It’s been over a year since I first hopped off the plane and arrived in Colombia, and although I’m writing now from Bogota, it’s the Peace Community of San José de Apartadó that was my base for almost that entire time. I can’t speak for everyone, but my time in the Peace Community certainly influenced me. I don’t know if I really have the words to explain how, so bear with me.
The backdrop of the Community is beautiful: tropical forests, green mountains, rushing rivers. If you are even a little bit of a nature lover like me, it is easy to get swept away in the surroundings. But in the back of my mind there was that little nagging voice to remind me, “this is a conflict zone. Hundreds of community members have died here.” And it gave me an eerie sensation.
Over the course of the year, I witnessed how the violence permeates their lives. Sometimes it is blatant, like the attack on German Graciano at the end of 2017. And other times, it is just so woven in that you almost miss it until you take a moment to reflect. This is especially true of children: how aware they are of the danger, the way they know how to respond to an armed man walking nearby, how they can make casual comments about things they have seen. This makes it all the more incredible to me that they are able to stay peaceful, when there are so many forces, blatant and subtle, that try to push them towards violence.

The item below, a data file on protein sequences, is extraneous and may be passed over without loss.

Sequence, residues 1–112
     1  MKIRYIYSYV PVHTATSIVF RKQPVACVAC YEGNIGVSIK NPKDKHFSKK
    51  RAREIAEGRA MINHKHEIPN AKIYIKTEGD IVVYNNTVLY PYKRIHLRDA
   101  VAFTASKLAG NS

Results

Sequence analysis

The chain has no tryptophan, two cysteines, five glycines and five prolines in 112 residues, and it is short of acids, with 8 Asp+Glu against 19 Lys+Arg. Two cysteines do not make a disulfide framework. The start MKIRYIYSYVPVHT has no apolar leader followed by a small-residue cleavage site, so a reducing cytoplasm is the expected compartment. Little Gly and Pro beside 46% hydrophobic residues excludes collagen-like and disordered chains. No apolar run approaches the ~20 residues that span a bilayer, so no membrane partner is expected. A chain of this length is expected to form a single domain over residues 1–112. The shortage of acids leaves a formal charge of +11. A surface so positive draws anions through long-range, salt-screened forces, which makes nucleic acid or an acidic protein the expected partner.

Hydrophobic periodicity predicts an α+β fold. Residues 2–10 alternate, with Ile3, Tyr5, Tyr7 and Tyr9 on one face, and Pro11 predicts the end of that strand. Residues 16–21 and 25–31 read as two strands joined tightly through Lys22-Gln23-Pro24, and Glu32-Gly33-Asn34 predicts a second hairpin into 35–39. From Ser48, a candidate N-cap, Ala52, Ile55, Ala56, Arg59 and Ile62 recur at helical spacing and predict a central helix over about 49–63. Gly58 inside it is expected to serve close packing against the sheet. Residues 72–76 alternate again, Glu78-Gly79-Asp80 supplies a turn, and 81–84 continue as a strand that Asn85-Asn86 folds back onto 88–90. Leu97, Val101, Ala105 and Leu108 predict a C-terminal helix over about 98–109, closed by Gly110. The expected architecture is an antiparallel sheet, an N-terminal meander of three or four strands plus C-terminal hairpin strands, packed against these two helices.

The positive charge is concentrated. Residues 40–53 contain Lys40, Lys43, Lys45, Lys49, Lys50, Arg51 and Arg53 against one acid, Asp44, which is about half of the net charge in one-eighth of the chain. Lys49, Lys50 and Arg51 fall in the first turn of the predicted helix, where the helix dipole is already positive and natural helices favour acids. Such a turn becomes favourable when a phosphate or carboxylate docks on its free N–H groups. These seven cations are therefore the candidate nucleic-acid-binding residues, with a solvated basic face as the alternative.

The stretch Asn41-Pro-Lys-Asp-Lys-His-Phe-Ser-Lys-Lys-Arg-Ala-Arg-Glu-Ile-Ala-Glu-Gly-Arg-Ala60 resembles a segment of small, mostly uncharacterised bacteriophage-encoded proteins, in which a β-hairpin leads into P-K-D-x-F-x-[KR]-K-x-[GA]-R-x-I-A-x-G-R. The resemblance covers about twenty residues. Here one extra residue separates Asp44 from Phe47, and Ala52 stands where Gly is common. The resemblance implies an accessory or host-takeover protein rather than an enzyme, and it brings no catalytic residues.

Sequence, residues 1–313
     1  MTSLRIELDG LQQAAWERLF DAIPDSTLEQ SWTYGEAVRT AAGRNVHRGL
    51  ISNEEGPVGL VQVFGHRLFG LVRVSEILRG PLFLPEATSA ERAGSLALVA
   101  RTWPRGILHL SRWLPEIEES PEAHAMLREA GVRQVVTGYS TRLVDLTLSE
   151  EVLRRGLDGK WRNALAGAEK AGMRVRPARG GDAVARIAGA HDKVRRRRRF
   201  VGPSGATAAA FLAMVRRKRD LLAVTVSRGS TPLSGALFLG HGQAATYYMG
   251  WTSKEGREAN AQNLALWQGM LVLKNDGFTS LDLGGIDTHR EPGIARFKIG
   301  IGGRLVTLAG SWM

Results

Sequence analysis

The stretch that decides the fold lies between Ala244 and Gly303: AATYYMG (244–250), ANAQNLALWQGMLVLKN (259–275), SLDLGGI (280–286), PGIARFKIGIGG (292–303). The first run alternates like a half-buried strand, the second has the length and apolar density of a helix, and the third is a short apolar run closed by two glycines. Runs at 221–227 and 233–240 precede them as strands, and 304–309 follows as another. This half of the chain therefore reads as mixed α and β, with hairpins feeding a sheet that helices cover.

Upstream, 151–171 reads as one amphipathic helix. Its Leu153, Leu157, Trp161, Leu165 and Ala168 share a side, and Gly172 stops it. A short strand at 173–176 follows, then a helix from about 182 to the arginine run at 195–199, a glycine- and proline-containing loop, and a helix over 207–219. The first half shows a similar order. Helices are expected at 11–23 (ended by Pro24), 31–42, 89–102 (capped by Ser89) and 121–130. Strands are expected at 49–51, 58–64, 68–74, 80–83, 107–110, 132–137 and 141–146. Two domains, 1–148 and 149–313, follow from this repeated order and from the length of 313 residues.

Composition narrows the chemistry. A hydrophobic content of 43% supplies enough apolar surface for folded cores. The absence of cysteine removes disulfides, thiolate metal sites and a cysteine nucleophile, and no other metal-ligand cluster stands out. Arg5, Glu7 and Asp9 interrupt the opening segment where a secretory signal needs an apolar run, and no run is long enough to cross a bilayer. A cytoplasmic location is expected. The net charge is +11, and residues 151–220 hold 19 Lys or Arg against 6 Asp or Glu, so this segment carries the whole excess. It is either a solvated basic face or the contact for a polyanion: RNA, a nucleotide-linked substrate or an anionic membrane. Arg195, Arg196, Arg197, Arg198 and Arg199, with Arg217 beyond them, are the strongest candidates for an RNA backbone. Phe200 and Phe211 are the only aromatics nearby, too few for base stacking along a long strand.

I am so grateful that I was able to spend a year with the Peace Community. When friends and family would ask what I do on the day-to-day, the honest answer was usually hang out and chat. There is something so beautiful to me about the small-town neighborly drop in–which included everything from farmers and children to farm animals that would often wander into our house–where everyone knows each other and are always together. For all that the Peace Community has been through, their love for each other and for their way of life is easily apparent. Their joy in who they are and what they stand for made me reflect often on what I consider important to my own happiness. I still can’t say how it will affect me long term, but I know that I owe them a great deal and am honored to see how they continue to build peace, day in and day out.
Kati Hinman is an international accompanier with FORPP. You can read more about her here.